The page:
MONDAY, APRIL 1, 2013
Part 1—The Washington Post couldn’t tell: In recent decades, America’s journalistic “gatekeepers” haven’t served us the people real well.
The examples are depressing—and endless. As a group, they have obsessed about all manner of trivia while bungling various matters of substance.
A horrible fact, one that’s quite hard to spot, lurks in the bushes as these bungles occur:
Despite the things Aristotle once said, we the people just aren’t especially sharp. Absent the service of strong gatekeepers, we the people will end up believing all manner of nonsense and cant.
This explains how a man like Ben Carson continues to say the darnedest things, right here in this very city. It may explain why Joan Walsh said she had spotted the latest racist outrage last week.
Did our gatekeepers ever serve us well? We can’t answer that question. But over the past three decades, media empires have been created for the sole purpose of peddling crazy ideas and ludicrous tribal cant.
Every dumb-ass in the world can get his or her own radio program. If he or she isn’t dumb enough, he or she won’t be able to keep it.
And uh-oh! At our biggest, most famous news organizations, the journalists aren’t especially serious or especially bright. (This often includes the media stars who serve as our top “liberal” pundits.) They the careerists have much to gain from serving us rubes the tribal gruel we very much like to gobble down.
When they serve us our tribal gruel, we the people quite often can’t tell. And they the careerists won’t tell us.
This brings us to this morning’s basic problem. Left on his own, Ben Carson couldn’t see how dumb it was to lump same-sex marriage in with NAMBLA and bestiality. And uh-oh:
Left on their own, some editors at the Washington Post couldn’t tell how dumb this op-ed column was.
The column appeared on the op-ed page of yesterday’s hard-copy Post. It appeared right next to George Will’s lyrical paean to baseball’s opening day. It appeared directly beneath this column, in which an Asian-American engineer argues that, “in the 21st century, the most successful countries and economies will be those that can move beyond the old prejudices concerning nationality.”
The column in question is very dumb—but editors at the Washington Post couldn’t discern that obvious fact. In comments, it produced a deluge of race-based denunciations of blacks—exactly the kind of angry reaction anyone could have foreseen.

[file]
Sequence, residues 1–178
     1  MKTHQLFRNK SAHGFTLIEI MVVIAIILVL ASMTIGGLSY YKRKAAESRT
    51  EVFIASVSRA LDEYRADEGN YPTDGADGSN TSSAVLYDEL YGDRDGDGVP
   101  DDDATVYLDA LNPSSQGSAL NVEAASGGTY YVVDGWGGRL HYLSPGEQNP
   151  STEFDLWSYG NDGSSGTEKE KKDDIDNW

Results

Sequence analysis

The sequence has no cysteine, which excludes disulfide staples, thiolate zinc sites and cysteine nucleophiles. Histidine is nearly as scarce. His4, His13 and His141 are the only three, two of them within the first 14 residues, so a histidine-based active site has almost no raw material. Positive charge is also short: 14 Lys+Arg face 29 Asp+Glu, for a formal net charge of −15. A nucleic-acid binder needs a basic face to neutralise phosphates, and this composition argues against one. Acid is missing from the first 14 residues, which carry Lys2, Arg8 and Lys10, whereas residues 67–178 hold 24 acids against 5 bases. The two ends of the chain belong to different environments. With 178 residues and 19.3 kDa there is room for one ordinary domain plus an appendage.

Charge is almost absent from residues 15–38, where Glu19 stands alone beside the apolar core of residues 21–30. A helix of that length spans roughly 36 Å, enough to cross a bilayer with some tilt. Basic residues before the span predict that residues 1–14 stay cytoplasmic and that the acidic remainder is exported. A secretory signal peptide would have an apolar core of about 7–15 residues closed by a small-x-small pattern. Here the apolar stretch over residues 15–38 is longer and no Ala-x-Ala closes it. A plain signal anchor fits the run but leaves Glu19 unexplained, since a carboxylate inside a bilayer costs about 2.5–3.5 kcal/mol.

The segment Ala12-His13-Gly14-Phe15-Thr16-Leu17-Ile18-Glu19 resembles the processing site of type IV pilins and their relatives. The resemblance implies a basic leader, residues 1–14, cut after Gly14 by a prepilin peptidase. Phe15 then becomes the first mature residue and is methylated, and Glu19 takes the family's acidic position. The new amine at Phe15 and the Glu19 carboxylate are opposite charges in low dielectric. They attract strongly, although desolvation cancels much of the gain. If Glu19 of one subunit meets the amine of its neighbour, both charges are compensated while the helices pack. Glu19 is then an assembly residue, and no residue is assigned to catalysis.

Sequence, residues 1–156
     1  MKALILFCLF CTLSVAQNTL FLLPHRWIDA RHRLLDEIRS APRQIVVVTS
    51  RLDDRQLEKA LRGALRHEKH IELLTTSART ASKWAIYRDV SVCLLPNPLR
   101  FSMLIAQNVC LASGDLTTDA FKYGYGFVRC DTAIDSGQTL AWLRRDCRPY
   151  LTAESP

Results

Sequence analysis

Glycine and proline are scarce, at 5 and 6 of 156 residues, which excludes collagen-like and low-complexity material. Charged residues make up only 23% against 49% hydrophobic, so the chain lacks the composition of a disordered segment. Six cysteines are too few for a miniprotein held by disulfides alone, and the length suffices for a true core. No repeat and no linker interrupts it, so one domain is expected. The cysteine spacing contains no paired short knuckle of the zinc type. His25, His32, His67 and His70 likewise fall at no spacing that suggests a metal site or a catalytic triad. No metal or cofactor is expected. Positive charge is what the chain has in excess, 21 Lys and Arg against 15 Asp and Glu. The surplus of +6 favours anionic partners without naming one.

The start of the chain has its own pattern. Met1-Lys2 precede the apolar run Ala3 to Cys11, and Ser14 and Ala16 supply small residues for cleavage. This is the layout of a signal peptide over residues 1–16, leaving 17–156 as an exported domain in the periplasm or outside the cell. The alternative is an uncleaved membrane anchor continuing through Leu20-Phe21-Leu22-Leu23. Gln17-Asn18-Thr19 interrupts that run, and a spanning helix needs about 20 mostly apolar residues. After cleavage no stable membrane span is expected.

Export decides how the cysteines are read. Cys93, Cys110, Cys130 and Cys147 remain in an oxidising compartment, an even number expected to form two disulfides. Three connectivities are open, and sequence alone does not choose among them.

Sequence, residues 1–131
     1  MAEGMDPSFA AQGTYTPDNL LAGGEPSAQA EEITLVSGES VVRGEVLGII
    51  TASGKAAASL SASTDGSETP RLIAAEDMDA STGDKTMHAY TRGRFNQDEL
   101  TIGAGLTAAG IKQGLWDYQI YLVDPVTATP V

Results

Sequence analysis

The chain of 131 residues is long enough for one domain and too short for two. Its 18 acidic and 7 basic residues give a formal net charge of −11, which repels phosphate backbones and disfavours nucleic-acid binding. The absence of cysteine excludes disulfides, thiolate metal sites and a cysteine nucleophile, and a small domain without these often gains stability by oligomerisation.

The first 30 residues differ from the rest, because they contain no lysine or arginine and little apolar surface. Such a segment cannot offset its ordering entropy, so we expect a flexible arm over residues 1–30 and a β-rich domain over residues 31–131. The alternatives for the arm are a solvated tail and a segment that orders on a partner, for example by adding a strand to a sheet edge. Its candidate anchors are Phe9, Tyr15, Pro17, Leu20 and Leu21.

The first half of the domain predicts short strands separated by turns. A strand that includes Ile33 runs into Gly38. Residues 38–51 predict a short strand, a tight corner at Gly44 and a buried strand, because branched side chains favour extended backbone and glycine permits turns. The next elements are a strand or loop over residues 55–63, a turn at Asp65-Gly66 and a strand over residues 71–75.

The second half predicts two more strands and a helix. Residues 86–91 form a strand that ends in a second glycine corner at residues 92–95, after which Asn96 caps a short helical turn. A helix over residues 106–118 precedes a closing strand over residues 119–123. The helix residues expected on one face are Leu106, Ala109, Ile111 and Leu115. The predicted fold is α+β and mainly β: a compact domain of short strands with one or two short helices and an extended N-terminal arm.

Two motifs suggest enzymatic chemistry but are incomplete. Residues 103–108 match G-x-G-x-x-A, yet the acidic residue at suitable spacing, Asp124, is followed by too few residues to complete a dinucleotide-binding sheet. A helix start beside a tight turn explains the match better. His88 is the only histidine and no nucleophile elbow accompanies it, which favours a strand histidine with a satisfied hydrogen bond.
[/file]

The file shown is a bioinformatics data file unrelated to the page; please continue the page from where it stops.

The piece was written by Charlotte Childress and Harriett Childress, twin sisters who say they have “collectively...taught college for forty years” in the fields of “pharmacy, engineering, math, physics, chemistry.” Unfortunately, their column didn’t concern any issue in those fields—and it was very dumb.
It’s intriguing to note the ways in which their column was dumb; tomorrow, we’ll start to unpack its various species of dumb. But a second fact is more intriguing. That's the fact that editors at the Washington Post couldn’t see that the column was dumb.
They couldn’t see how weak it was on its basic facts. They couldn’t see how dumb its basic line of “reasoning” was.
They couldn’t see that it would lead to thousands of angry race-based comments. Often, these comments came from angry readers who could see that the column in question was dumb.
Just as Ben Carson couldn’t see that it was dumb to talk about bestiality, some editor at the Washington Post couldn’t see how dumb this submission was. And not only that: Just as Carson couldn’t foresee how people would respond to his most recent comment, Post editors didn’t seem to know that the column would generate a tsunami of angry, race-based remarks—that it would gin up the kinds of racial anger many people have worked for decades to help the nation move past.
It’s very hard to grasp the fact that our major elites are really quite dumb. For thousands of years, we in the west have been telling ourselves that we are “the rational animal.”
Sorry! Absent the service of skilled gatekeepers, we the people simply aren’t especially rational. And here’s the really bad news:
Increasingly over the past thirty years, our struggling nation has largely worked without the service of the gatekeepers we will inevitably need.
Were the gatekeepers ever good? We don’t know how to answer that question. But today, at papers like the Post, it’s a sad case of gatekeepers down.
Yesterday’s column was very dumb. The Washington Post couldn’t tell.
Tomorrow: Their basic facts and their logic